Conventional, Sumo, Romanian Deadlifts for Sport Specific Training and How to Use Them Correctly in Your Program:


The most difficult deadlift is also the most traditionally seen deadlift in pictures from Venice beach or what we would think of seeing at a strong man competition. However, just because we see it often does not mean that it is the right movement for everyone, because there is a high degree of mobility and body awareness required to complete this movement with minimal risk of injury. The reason why this lift becomes so difficult is because of the path required for the barbell to travel in as it leaves the floor and makes contact with the front of your pelvis at the end of the lift. Your centre of mass moves in front of you changing the distribution of forces on the body making bracing that much more important and complex. In order to complete a conventional deadlift we need to start with the middle of our foot or laces underneath the bar.


Wondering how to program it into your gym routine? Let's talk about different sets and reps!


For beginners:

You are learning how to perform the movement with a lot of quality rather than a great deal of intensity. At PEAKS we recommend 3-4 sets of 8-10 repetitions right after your warm up. Lift light to moderate loads focusing on body awareness and movement corrections. You especially want to practice on bracing and keeping that neutral spine as you push through the workout.


Strength – Reps, Sets, and Weight Recommendations:


The deadlift should be programmed towards the beginning of your workout due to the demands it has on your body’s nervous system and musculoskeletal system. To develop maximal strength we recommend the following to be implemented into your program:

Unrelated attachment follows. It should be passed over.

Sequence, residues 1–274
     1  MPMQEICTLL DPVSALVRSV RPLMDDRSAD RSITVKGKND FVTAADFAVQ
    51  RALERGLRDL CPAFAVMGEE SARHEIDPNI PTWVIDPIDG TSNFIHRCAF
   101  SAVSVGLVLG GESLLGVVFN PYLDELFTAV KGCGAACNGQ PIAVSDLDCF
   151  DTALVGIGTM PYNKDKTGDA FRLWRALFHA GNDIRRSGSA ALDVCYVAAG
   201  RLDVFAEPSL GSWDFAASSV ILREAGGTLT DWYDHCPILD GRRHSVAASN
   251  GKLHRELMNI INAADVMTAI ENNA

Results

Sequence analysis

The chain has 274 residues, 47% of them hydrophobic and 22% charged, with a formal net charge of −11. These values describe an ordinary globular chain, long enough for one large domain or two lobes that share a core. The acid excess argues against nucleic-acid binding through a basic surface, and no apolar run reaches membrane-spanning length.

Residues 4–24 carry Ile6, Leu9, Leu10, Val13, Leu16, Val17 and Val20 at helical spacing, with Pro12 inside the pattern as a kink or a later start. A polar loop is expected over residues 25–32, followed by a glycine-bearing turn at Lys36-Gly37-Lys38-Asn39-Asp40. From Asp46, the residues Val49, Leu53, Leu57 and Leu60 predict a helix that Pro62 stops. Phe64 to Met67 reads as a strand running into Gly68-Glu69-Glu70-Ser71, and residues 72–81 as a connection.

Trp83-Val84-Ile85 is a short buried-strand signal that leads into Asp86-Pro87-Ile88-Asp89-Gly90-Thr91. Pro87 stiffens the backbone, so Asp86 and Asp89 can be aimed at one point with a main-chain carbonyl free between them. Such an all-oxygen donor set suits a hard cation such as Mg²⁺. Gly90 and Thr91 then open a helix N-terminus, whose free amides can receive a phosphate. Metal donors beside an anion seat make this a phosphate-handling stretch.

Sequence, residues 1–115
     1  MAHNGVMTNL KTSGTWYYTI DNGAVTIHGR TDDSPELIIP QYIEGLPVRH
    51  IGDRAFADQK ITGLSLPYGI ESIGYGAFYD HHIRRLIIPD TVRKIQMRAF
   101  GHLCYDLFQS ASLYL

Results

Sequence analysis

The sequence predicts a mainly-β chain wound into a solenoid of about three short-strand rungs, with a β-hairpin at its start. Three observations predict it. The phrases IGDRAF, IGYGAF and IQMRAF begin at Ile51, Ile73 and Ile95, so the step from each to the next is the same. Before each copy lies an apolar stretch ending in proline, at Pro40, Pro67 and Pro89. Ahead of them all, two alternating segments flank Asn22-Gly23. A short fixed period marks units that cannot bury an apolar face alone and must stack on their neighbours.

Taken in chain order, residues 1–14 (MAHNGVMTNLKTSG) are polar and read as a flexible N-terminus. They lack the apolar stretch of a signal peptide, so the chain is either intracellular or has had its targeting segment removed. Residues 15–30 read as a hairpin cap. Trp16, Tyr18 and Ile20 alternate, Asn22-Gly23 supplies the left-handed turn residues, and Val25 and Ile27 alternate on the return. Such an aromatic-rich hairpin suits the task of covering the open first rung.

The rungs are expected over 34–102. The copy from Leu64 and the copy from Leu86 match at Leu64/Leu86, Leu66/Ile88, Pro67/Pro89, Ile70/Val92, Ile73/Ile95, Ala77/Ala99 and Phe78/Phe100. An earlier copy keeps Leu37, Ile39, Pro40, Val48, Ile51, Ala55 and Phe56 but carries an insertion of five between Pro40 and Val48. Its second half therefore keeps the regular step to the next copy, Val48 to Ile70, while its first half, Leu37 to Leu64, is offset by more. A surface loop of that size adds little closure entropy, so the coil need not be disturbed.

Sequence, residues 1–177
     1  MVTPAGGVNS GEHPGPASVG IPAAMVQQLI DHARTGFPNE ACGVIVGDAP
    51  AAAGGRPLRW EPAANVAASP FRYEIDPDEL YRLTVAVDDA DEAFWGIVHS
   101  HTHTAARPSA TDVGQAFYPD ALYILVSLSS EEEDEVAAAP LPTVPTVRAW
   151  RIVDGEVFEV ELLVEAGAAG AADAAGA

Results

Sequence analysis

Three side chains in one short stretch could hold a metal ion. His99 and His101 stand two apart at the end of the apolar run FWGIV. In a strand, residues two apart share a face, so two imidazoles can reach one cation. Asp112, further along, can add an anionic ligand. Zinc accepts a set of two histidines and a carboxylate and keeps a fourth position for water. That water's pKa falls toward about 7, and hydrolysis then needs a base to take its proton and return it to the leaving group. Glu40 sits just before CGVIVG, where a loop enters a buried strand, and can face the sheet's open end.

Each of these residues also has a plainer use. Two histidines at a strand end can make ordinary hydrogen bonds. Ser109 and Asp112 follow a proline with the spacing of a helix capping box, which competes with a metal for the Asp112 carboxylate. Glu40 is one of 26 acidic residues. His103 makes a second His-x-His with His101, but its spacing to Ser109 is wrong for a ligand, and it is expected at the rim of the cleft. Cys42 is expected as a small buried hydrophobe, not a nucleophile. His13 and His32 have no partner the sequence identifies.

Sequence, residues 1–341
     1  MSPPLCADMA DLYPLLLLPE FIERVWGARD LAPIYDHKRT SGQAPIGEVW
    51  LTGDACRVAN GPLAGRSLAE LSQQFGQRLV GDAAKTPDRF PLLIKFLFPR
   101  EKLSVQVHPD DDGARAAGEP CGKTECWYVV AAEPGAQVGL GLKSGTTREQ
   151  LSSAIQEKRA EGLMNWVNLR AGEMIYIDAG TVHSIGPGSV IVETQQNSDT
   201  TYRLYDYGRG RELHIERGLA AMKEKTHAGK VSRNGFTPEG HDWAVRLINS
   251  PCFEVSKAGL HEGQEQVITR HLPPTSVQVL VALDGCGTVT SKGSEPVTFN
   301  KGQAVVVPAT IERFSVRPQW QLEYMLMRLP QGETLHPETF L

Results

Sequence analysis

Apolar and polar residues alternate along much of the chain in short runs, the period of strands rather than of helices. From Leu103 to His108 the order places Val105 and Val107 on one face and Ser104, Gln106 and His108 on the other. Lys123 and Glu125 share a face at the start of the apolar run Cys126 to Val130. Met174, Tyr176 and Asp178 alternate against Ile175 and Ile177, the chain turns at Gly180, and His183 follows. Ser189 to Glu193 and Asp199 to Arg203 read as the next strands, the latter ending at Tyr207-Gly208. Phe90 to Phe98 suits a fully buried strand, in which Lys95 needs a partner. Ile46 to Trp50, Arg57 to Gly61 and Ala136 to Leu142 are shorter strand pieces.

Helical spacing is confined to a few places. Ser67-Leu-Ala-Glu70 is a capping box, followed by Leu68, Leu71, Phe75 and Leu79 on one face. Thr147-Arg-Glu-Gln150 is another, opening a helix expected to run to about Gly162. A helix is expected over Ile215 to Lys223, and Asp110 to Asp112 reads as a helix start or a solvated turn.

3-5 sets of 3-5 reps with heavy weight and longer rest periods as needed to promote maximal recovery between sets and to ensure you can use maximal intensity!


Hypertrophy – Reps, Sets, and Weight Recommendations:


You are looking to complete 3-5 sets of 6-12 repetitions with shorter rests from anywhere in between 45 seconds to 90 seconds. You want to train the muscle under time and tension. What this means is you are looking at the total amount of time it takes you to complete a set, so if we move slower during the repetitions the muscle will spend more time working while contracted. This is why you want to keep the reps moving together spending more time during the eccentric portion of the lift (as we return to our starting position the muscle is lengthened but still under exertion) and produce more force during the concentric section of the lift The start of the lift from when you lift the weight off the floor to the finish of the movement. This can be described as tempo and written out as a ratio. For example if your program asks for a 3:1 tempo the three will represent the eccentric portion of the lift or the recovery, the 1 will describe the concentric part of the lift putting force into the floor to complete the repetition.


Endurance – Reps, Sets, and Weight Recommendations:


If you are looking to increase your endurance keep reading here! You will want to add more volume into your training, which means a rep range between 12-20 repetitions with a light to moderate weight. Because we are looking for endurance the rest in between sets will be 30 to 45 seconds.


Remember depending on your experience everyone may use different variations or progressions. It is important you don’t progress too quickly; even if you have been lifting for years we encourage you to start back at the basics and re-master the fundamentals of the deadlift and gradually progress your lifts. Keep an eye on our blogs for our next new post coming out soon! If you enjoyed reading our blog make sure you stop by Peaks Lifestyle so we can continue to help you grow and meet whatever your fitness goals may be.